The first night we came together here I quoted that (that verse from) particular verse from the Bagavad Gita, in which it says the life force should be resolved in the sahasrar and the mind resolved in the Heart. The epitome of the conscious activity, the ultimate event of the conscious activity is the resolution of the consciousness in the Heart, prior to thought, prior to the reflections in the mind, prior to experience, the very Self. This is the source or reality of consciousness.>>>
So tonight I want to talk about the activity of the Guru, the Guru as Spiritual Master, the Man of Understanding as Spiritual Master. It’s very short, I’ll read to you the paragraphs and comment on them to you. Beginning near the top of page 262. “Unqualified existence, conscious as bliss, appears in the Heart and arises as love, which is the Amrita Nadi, the ‘Bright.’” I’m speaking here of love as the Amrita Nadi, love being its quality. “Love is the original, creative impulse. It is the generative source and primary form of all creativity, all manifestation. The Man of Understanding arises as love, mad with love. He is not Narcissus. Creativity is love. The world is love.” Narcissus is avoidance, separation, non-love, contraction. The Man of Understanding who has destroyed Narcissus, transcended him, obviated him, is what Narcissus is not, which is continuousness, the force of reality unobstructed, which is love.>>>
Tonight I want to talk to you about the last essay in the Wisdom of Understanding section it goes from page 266 to 268.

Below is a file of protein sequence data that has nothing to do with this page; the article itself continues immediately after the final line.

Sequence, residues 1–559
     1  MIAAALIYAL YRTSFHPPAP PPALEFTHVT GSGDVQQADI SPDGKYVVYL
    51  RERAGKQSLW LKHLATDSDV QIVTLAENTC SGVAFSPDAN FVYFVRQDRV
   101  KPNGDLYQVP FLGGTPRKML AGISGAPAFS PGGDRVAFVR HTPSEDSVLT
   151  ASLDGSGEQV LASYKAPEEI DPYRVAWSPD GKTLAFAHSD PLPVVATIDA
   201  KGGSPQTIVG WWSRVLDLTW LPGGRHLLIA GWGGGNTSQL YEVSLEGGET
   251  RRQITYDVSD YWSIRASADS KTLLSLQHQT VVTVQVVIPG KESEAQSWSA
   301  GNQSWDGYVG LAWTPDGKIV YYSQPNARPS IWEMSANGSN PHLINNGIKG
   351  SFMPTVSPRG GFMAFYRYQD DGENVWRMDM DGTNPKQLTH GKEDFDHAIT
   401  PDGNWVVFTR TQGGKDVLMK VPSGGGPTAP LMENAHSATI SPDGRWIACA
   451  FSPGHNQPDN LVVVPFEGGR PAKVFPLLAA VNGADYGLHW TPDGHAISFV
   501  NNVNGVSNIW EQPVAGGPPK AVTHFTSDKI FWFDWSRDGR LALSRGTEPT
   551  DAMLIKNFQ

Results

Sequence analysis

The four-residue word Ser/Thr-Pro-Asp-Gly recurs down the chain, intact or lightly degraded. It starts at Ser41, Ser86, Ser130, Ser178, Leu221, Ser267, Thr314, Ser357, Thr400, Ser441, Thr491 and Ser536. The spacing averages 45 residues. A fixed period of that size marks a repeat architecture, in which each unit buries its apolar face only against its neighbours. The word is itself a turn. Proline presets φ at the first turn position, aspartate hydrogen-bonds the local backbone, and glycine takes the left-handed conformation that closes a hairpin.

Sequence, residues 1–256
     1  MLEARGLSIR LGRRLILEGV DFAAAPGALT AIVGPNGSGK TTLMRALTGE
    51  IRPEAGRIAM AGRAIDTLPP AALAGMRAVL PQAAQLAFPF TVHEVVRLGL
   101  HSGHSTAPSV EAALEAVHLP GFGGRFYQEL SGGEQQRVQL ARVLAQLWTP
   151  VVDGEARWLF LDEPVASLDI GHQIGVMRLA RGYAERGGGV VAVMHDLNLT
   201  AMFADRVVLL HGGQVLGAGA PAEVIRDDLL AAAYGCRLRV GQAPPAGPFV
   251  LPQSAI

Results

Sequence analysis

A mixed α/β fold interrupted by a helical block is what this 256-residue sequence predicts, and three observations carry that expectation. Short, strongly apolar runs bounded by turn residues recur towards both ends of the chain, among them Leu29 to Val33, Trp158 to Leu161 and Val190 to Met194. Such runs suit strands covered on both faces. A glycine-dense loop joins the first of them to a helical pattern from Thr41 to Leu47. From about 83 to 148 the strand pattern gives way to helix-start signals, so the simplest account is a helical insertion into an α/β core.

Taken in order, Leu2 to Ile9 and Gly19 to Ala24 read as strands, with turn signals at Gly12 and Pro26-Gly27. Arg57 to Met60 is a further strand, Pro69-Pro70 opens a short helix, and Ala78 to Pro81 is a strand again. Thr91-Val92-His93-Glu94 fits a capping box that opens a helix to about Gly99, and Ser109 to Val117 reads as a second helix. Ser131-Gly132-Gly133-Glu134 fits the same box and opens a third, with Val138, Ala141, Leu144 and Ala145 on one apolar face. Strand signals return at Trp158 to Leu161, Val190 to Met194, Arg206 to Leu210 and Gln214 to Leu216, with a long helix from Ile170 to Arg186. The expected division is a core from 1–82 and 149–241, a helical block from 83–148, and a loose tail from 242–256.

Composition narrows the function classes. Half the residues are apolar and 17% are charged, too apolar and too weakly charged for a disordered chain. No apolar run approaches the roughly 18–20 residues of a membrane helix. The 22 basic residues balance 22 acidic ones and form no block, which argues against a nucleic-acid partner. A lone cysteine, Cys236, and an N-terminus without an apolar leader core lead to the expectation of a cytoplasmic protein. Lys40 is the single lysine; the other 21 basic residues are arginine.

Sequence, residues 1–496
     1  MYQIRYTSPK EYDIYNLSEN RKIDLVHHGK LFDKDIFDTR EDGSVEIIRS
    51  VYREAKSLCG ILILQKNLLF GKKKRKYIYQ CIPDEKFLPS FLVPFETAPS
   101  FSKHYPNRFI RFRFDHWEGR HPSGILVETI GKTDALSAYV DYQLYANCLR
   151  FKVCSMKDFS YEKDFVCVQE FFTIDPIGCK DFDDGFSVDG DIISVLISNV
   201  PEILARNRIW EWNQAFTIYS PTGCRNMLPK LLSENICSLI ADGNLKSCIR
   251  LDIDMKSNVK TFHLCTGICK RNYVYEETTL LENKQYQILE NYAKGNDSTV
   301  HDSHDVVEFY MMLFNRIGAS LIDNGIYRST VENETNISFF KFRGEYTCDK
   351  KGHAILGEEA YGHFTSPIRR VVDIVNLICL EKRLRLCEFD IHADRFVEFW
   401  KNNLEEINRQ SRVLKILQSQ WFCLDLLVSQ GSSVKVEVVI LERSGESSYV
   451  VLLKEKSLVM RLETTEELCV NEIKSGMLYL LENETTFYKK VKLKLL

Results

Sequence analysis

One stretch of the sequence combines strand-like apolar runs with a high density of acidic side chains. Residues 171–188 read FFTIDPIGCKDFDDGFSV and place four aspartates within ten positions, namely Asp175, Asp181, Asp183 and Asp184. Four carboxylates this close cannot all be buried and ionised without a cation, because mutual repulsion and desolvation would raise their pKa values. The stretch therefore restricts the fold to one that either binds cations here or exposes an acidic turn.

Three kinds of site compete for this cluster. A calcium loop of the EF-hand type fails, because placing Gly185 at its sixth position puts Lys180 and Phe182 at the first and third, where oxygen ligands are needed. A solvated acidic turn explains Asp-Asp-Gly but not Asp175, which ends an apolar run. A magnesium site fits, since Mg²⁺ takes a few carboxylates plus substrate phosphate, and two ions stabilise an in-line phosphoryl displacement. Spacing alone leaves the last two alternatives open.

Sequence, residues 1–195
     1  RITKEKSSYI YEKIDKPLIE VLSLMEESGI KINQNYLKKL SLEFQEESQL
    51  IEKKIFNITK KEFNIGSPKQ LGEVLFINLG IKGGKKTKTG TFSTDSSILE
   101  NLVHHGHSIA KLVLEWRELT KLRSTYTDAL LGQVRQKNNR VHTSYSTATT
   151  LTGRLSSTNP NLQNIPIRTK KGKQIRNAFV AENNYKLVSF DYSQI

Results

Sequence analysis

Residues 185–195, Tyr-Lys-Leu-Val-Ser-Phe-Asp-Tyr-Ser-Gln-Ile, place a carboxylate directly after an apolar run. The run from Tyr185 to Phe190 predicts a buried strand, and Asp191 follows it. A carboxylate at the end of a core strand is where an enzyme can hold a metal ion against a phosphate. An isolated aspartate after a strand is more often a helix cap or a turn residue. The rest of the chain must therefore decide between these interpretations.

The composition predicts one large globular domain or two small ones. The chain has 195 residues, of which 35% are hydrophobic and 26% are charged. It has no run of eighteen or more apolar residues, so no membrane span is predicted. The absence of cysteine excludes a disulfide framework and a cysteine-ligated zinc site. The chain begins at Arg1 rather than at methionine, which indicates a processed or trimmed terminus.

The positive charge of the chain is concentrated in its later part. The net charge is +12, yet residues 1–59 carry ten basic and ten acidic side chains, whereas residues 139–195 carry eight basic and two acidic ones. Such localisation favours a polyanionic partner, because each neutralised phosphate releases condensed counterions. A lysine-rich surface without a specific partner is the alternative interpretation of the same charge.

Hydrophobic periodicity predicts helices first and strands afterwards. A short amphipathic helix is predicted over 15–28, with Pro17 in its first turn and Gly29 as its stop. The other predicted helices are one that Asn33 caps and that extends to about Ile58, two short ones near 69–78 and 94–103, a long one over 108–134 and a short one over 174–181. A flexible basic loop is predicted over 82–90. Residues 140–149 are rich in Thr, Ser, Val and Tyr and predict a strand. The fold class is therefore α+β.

As I said, the portion of the book they went over last week dealt with the Guru as the spiritual master, about the true function of Satsang as the mere presence of the Guru as the principle of Satsang or spiritual life. This week we talk about the Guru s the divine form.
Guru as God is not the human individual, ego, magnifying itself dramatically to itself and thinking it is God exclusively over everyone else and having all kinds of qualities that it sort of owns. That sort of confession of divinity is insanity.>>>
Doing this last section of the book called “The Man of Understanding.” Now, in the previous two weeks we’ve spoken of the Guru in two important aspects, two of his important functions. The one is the Guru as the Spiritual Master, which you spoke of the first week, and the next time we spoke of the Guru as the Divine Form, the Divine activity, Divine presence in the world and above the world, and this week we’re talking about the Man of Understanding or the Guru as a man in the world. Now the first three sentences talk about what the man of understanding is not. The man of understanding here is both the one who happens to be writing this text and any individual who has fully realized the process of understanding, so this is a general description of anyone who meets all of the qualifications of this process. Just as the first week we spoke of the Guru as Spiritual Master, that’s true of anyone who has fully qualified to perform that function. And the second time we spoke of the Guru as the Divine Form. That’s a general description of any Siddha who has fulfilled the way of understanding. And the Man of Understanding is a general description of any such individual who has fulfilled the life of understanding. This is his appearance, his quality in the world. The one who is writing it is just animating this point of view, this principle.>>>
Read about this series and more with an interview with Tom Riley